During his first year on the Farm, Sasankh Munukutla, ’22, discovered that Stanford was a place where he could combine the two passions he had explored separately in high school – technology and social service – both in a student voluntary group and in the classroom.
Sasankh Munukutla spent his summer working on a free mobile app that connects people who know multiple languages with refugees and humanitarian aid workers around the world.
He joined CS+Social Good – a student-led organization he discovered during the Fall Activities Fair – and now serves as vice president of the group. During winter and spring quarter he enrolled in CS+Social Good Studio, a course in which teams of students design and implement a tech solution to a social challenge in the surrounding area.
Munukutla, who is from Singapore, decided he wanted to spend the summer pursuing more hands-on social service projects.
It was a decision that led him to the Cardinal Quarter program, which offers full-time, quarter-long service experiences hosted by more than 35 organizations across campus.
By mid-June, Munukutla was working as a software engineer intern at Tarjimly, a nonprofit organization in nearby Mountain View, under a CS+Social Good Summer Fellowship, which supports students working for organizations that use technology to address social issues.
He was one of about 500 students who participated over the summer in Cardinal Quarter, which offers internships across the United States and around the world. In Munukutla’s case, it was an internship a mere 20-minute bicycle ride from his campus home in Mirrielees House, a student apartment building on the east side of campus.
Eliminating language barriers
Munukutla spent the summer working on the nonprofit’s free mobile app that allows people who know multiple languages to volunteer their skills as translators and interpreters to refugees and humanitarian aid workers around the world.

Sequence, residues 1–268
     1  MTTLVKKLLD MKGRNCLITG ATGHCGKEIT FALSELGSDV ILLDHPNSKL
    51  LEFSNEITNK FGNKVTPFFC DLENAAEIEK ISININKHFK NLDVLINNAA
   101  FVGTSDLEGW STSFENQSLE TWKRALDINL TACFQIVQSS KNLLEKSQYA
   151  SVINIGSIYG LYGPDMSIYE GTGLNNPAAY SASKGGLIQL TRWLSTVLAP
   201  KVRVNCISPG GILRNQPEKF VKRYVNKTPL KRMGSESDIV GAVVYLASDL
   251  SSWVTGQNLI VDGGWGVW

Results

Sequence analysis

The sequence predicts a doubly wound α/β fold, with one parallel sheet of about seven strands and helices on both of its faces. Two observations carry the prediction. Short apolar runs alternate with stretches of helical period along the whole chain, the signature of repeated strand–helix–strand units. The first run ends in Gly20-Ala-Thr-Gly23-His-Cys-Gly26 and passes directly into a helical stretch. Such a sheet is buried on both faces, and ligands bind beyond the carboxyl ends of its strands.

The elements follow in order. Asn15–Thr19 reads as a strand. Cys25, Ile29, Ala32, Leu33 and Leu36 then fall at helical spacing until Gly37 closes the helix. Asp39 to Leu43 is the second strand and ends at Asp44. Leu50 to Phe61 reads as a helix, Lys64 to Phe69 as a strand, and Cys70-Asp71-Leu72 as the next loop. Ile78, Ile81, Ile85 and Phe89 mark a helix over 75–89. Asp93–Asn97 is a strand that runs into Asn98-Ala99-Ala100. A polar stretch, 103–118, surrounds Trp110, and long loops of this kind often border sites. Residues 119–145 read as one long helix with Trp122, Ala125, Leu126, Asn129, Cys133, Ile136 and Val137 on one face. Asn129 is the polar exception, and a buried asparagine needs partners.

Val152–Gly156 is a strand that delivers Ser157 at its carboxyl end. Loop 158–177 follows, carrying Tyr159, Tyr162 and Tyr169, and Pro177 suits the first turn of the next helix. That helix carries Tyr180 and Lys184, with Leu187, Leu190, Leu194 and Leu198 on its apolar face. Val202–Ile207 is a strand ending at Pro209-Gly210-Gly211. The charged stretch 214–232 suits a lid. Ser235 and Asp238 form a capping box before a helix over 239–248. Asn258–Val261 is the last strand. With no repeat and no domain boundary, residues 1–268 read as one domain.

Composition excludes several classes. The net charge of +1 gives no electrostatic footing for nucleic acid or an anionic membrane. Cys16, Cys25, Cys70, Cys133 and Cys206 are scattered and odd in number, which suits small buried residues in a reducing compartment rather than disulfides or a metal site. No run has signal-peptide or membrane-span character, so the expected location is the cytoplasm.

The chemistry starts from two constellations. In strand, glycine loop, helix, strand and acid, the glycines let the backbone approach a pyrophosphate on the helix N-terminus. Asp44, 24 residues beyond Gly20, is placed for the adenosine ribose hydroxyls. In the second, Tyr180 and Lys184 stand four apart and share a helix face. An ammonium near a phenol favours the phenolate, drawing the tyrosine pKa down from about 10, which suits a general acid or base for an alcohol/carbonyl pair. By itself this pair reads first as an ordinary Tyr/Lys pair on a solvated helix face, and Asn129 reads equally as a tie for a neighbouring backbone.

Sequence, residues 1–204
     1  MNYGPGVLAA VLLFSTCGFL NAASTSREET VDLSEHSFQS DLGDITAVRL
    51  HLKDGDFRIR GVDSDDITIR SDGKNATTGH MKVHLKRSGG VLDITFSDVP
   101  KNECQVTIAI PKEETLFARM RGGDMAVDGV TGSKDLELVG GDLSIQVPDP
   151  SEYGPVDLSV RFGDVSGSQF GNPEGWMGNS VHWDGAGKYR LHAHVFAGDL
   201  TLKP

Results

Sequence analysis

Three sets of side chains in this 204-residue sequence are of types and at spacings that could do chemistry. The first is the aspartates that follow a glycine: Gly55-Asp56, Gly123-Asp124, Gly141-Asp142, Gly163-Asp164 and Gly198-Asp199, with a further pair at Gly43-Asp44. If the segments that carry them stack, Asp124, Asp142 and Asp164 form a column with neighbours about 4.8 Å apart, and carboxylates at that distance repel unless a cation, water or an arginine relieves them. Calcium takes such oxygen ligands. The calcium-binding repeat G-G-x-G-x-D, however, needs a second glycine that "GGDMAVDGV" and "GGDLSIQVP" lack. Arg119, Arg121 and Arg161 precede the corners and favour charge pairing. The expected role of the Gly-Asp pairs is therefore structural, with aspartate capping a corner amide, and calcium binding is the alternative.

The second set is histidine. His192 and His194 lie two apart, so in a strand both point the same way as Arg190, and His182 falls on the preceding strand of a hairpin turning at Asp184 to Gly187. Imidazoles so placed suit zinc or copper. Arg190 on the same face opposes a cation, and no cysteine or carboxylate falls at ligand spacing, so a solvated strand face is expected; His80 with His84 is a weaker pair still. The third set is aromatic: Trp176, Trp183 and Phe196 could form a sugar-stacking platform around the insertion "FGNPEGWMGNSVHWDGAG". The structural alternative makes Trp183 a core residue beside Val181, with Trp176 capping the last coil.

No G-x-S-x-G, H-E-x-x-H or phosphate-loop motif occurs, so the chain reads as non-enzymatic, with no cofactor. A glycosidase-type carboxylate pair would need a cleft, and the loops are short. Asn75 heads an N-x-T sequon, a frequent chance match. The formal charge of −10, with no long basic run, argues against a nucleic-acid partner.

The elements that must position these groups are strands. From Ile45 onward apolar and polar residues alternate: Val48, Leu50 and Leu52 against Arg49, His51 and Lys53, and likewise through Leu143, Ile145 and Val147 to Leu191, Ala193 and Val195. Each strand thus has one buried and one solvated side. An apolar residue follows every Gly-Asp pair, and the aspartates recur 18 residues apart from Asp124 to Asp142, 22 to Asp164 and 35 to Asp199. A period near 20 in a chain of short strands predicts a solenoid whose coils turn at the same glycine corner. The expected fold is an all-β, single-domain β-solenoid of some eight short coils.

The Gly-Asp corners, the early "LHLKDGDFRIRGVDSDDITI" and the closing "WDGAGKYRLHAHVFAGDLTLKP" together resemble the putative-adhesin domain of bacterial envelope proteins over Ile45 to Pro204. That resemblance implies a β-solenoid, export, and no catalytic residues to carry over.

The app connects the translator and beneficiary – a refugee, an asylum seeker, an immigrant or an aid worker – in a live chat session where they can send text, voice notes, or documents, or even get on a live two-way phone call.
Munukutla was inspired by the two-year-old nonprofit’s mission: to improve the lives of refugees and the efficiency of humanitarian services by eliminating language barriers.
“I thought working at Tarjimly would be a great way to develop technically as well as work in a social service space, and to learn firsthand from its two founders, who are doing what I want to do in the long run – using technology for social good,” he said.
While his primary focus was technical, Munukutla also participated in conversations with aid workers who were using the app in the field to better understand how technology was being used.
Helping to improve the app
When the Tarjimly team asked a doctor who had worked in a refugee camp in Greece how it could improve the app, the doctor said it would be nice to be able to add a third person to a live phone call. At that time, the app could connect only two callers.
Expanding the app’s call infrastructure became Munukutla’s major project.
“We wanted it to seem like a regular phone call – but still give people the ability to easily add people to the call,” he said. “We didn’t want to use the traditional conference call approach, because that would require people to dial in themselves.”
Now, to add people to the call, users click an icon, type a phone number and click on another icon to add that person to the call. The app can now handle up to 250 callers.
“It was hard to get from two to three callers, but I found a novel way to do it,” Munukutla said. “After that, it was easy to scale it up.”
Back on the Farm
Three weeks after the internship ended, Munukutla began his sophomore year at Stanford. This quarter he is taking courses in computer science and mechanical engineering, as well as an Introductory Seminar in chemical engineering, “Dare to Care: Compassionate Design.” The seminar asks students: How do designers empower people of diverse physical abilities and provide them with means of self-expression?
“Over the summer, I learned the importance of considering a diverse set of viewpoints, seeing first-hand the experience of refugees struggling with language barriers,” Munukutla said. “This inspired me to take the design class so I could learn design through the vantage point of a differently abled person, a perspective that rarely crosses our mind and will push me to be more inclusive in my own design process.”